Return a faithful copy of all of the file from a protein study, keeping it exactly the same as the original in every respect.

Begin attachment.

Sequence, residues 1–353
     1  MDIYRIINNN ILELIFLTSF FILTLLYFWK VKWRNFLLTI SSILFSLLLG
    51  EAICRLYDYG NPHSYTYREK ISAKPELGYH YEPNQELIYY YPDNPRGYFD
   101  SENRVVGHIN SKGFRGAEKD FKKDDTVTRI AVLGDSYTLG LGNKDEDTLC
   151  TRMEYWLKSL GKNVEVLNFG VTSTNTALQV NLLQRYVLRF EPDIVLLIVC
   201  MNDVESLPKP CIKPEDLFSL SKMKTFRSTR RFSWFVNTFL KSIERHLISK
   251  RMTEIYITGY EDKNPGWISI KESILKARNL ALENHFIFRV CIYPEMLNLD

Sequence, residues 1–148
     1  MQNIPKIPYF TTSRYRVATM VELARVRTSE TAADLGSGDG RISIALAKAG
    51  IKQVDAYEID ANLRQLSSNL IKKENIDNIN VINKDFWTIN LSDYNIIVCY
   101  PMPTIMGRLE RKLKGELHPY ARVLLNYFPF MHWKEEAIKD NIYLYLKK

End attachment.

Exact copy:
Sequence, residues 1–353
     1  MDIYRIINNN ILELIFLTSF FILTLLYFWK VKWRNFLLTI SSILFSLLLG
    51  EAICRLYDYG NPHSYTYREK ISAKPELGYH YEPNQELIYY YPDNPRGYFD
   101  SENRVVGHIN SKGFRGAEKD FKKDDTVTRI AVLGDSYTLG LGNKDEDTLC
   151  TRMEYWLKSL GKNVEVLNFG VTSTNTALQV NLLQRYVLRF EPDIVLLIVC
   201  MNDVESLPKP CIKPEDLFSL SKMKTFRSTR RFSWFVNTFL KSIERHLISK
   251  RMTEIYITGY EDKNPGWISI KESILKARNL ALENHFIFRV CIYPEMLNLD

Sequence, residues 1–148
     1  MQNIPKIPYF TTSRYRVATM VELARVRTSE TAADLGSGDG RISIALAKAG
    51  IKQVDAYEID ANLRQLSSNL IKKENIDNIN VINKDFWTIN LSDYNIIVCY
   101  PMPTIMGRLE RKLKGELHPY ARVLLNYFPF MHWKEEAIKD NIYLYLKK